Getting back to basics

Updated: 2016-04-29 08:24

By Xu Xiaomin(China Daily Europe)

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In Chinese culture, intellectuals are supposed to dream of living like hermits in the countryside after they have attained a deep understanding of life and achieved success in their career or in academia. In the old days, many gave up living in the city and moved to villages to embrace nature.

This tradition has existed for thousands of years.

Now, Ji Xiaoxiang and Yang Mohan, both 33 and graduates of Tongji University's Urban Planning School in Shanghai, have made that journey to the village.

 Getting back to basics

The boutique hostel Da Le Zhi Ye, which is minimalist and comfortable, is located in Deqing county in Zhejiang province.

After spending several years designing urban developments, they say they were left disenchanted, as many projects did not become a reality. Determined to find a new challenge, they traveled extensively in search of something that aligned with their skills.

They eventually ended up in Biwu, a village in Deqing county in the eastern province of Zhejiang.

Getting back to basics

"It was New Year's Day, 2013. It was snowing heavily the day we arrived in Biwu and the whole place was covered in soft, white snow," Ji recalls. "Yang and I were standing on the terrace of an old farmer's house, looking at the mountains, and it was there we decided this was the place."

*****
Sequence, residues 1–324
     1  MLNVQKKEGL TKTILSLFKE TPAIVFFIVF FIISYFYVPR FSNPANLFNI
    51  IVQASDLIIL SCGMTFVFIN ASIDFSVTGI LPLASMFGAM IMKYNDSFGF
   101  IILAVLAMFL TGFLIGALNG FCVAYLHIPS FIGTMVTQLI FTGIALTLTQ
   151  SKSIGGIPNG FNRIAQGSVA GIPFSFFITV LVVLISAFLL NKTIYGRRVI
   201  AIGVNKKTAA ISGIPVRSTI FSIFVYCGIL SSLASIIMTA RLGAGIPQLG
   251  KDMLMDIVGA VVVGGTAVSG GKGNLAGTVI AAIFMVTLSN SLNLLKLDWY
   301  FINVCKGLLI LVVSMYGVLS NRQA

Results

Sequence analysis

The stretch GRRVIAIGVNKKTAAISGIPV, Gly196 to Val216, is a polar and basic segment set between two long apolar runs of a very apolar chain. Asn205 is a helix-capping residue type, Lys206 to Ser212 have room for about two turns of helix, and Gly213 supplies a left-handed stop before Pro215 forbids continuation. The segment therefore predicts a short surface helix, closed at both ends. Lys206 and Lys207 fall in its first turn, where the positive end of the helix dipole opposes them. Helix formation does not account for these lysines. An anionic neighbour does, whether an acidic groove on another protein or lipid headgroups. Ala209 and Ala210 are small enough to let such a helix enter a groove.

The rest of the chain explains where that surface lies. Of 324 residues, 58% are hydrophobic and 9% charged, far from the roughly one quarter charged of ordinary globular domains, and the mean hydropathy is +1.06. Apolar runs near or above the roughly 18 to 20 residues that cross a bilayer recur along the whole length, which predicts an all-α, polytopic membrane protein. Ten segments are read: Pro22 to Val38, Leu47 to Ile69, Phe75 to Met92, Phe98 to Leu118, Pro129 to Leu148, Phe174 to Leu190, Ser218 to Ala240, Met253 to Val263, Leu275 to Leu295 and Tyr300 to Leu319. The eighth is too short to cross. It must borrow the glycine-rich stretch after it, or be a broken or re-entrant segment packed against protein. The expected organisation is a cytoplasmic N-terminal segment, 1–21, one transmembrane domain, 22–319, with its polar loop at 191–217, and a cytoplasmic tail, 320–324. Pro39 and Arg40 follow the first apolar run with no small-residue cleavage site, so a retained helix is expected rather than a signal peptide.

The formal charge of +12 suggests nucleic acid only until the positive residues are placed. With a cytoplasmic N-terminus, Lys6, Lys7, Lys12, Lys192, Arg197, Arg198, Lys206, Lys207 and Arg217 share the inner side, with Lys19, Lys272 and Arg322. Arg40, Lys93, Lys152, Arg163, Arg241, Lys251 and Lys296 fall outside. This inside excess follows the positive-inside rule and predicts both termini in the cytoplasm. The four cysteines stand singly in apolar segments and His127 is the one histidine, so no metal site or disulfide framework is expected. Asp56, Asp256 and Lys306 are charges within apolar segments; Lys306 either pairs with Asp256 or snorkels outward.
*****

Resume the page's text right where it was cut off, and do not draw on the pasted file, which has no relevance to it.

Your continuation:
The men rented the old house and spent their savings transforming it into a boutique hostel, Da Le Zhi Ye, the name of which comes from an ancient book, The Classic of Mountains and Rivers.

Ji had never lived in the countryside before but now prides himself on successfully integrating with the local community.

The hostel features huge windows, which let in copious amounts of natural light, and a small cafe that serves a decent Americano. Minimalist but comfortable, it also has a terrace where guests can relax and admire the starry skies.

There is a serenity that permeates the place that can't be found in a metropolis, and when night falls only the sounds of a nearby stream can be heard. "This is the way life should be," Ji says.

Yang and Ji are among a small group of urban elites who have done the opposite of young people from the villages, who still think the only measure of success is to own an apartment and have a decent job in cities like Shanghai and Beijing.

Ask any of the 274 million migrant workers in China about his or her reason for seeking work in the big cities and the most likely reason will be that farming, with its harsh conditions and meager income, is simply not worth it.

According to the National Bureau of Statistics, residents in urban areas earned 1.73 times more than their rural counterparts last year, down from 2.3 times in 2009. The income gap is the predominant factor that influences millions of farmers, especially young people, to abandon their hoes and head to greener pastures in the cities, with many of them ending up on construction sites and assembly lines.

In recent years, however, some people - mostly young and well-educated - have been going against the grain, heading from major cities to relatively remote regions, such as Deqing, to pursue their dreams.

"I hope to go even further," Ji says. "My plan is to be more involved in the local community of this beautiful place."

Remodeling old homes is merely the first step in his plan, he explains. He believes the slow village life can be made more colorful and energetic to attract a greater number of visitors from the city, which would in turn provide business for villagers.

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